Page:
AAUW of Oregon
A Living Legacy
AAUW of Oregon Past Presidents remember state accomplishments and personal gratification during their respective terms!
1969-72 – Betty Mosar – Seaside
My greatest accomplishment was encouraging the board to establish an Oregon Educational Foundation Endowment. Personally, it was at the last state convention over which I presided. During the education lunch, I was very pleased and surprised to see many of my Seaside Branch members present. They had raised $500 to donate in my name to the Educational Foundation and that was back when money was hard to come by.
1975-77 – Katherine “Kappy” Eaton – Eugene
1. In coalition with the Oregon Library Association, we were able to persuade the 1977 Oregon Legislature to pass a new law which allocated per capita funding to local public libraries for both materials and services, using the federal dollars given to the state for library development (most of which were used before to fund the State Library).
2. Oregon AAUW applied for and received an Association grant to fund library services in selected county jails. This was implemented in two counties with assistance from branches, the Oregon Library Association, and local librarians.
3. The State Board, with great assistance from local branches, designed and created a huge gold felt banner with a large pioneer woman’s bonnet in the center and “quilt blocks” from the branches depicting local scenes. The banner was taken to the national convention in 1977 to hang among the other states. It was given to me afterwards and hung in my library at the University of Oregon and then in my home office. It will be hanging one more time on March 10 when Eugene-Lane AAUW celebrates its 94th birthday!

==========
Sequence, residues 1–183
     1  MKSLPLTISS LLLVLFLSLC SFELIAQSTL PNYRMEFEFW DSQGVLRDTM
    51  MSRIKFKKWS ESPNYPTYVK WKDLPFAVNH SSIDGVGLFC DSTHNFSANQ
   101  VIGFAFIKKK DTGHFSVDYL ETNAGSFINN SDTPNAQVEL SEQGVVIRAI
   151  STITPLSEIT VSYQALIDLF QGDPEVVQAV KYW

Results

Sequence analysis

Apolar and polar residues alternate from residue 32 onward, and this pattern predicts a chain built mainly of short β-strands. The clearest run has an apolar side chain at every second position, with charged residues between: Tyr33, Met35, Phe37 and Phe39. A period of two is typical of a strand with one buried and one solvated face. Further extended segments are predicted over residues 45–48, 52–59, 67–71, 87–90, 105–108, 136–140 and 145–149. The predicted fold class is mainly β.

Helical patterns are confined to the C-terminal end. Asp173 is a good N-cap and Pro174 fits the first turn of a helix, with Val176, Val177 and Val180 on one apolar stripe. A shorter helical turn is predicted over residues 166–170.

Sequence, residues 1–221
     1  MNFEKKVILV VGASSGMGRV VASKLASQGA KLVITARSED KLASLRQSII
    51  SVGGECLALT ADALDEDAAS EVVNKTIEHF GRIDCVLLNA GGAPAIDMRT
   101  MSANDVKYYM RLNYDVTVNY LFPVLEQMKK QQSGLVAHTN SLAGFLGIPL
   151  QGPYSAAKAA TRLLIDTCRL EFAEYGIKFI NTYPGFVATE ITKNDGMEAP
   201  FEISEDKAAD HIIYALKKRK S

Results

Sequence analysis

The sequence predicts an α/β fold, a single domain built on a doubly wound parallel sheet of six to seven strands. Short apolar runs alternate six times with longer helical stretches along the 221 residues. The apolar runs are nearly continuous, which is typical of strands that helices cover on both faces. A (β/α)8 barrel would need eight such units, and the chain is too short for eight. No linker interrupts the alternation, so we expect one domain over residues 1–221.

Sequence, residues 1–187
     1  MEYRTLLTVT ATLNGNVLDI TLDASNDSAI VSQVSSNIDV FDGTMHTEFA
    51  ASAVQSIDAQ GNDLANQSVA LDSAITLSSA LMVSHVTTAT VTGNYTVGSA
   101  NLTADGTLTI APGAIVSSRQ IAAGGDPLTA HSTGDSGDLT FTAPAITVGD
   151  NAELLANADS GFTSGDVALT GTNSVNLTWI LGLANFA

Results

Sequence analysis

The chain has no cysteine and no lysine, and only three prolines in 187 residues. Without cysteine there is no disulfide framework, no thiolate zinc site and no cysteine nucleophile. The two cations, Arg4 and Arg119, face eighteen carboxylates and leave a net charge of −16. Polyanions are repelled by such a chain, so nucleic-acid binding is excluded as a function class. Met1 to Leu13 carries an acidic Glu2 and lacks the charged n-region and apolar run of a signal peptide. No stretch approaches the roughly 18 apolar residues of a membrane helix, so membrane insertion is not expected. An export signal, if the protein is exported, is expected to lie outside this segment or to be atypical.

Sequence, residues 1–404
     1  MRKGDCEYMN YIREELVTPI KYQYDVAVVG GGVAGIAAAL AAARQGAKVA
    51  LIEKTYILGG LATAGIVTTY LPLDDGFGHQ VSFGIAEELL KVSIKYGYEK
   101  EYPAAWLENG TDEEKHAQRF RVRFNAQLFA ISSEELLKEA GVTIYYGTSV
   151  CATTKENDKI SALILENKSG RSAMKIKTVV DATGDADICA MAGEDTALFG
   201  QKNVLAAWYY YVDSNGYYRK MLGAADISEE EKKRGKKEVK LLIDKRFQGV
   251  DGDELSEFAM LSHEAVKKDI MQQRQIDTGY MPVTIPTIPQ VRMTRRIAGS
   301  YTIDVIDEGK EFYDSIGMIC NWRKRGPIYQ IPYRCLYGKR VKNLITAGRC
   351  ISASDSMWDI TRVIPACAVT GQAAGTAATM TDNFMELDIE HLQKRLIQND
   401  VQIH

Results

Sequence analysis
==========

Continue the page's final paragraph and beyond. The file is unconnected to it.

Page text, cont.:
1977-79 – Marilyn Zook – Portland
I visited 44 branches and met with many of our 3,800 members.
The state was involved in efforts leading to Oregon’s reaffirmation of the Equal Rights Amendment. Also, we published and distributed a booklet, “Women and the Law, Laws of Special Interest to Women in Oregon” in a joint project with the Oregon Governor’s Commission on the Status of Women.
1979-81 – Claudia S. Gray – Portland
We lobbied and got passed the state bill to require all school districts to offer kindergarten within five years, by 1986.
By the end of that two years, after lobbying, testifying, leading meetings and speaking before other groups, I felt so much stronger and more confident than I had at the beginning that I believe it changed me forever!
1981-83 – Joanne Stern – Salem
The Oregon Legislature approved the kindergarten bill. Oregon AAUW had been working towards this for 59 years! The bill was approved in July 1981 to require all school districts to offer kindergarten (it didn’t require attendance and basic school support for kindergarten had been approved some years before). The bill was to take effect in 1991. Most districts got busy and within a few years kindergarten was implemented in most school districts. I had spent the prior four years as Legislative Chair for AAUW of OR with the kindergarten bill as a primary focus.
1989-91 – Gloria Martin – Salem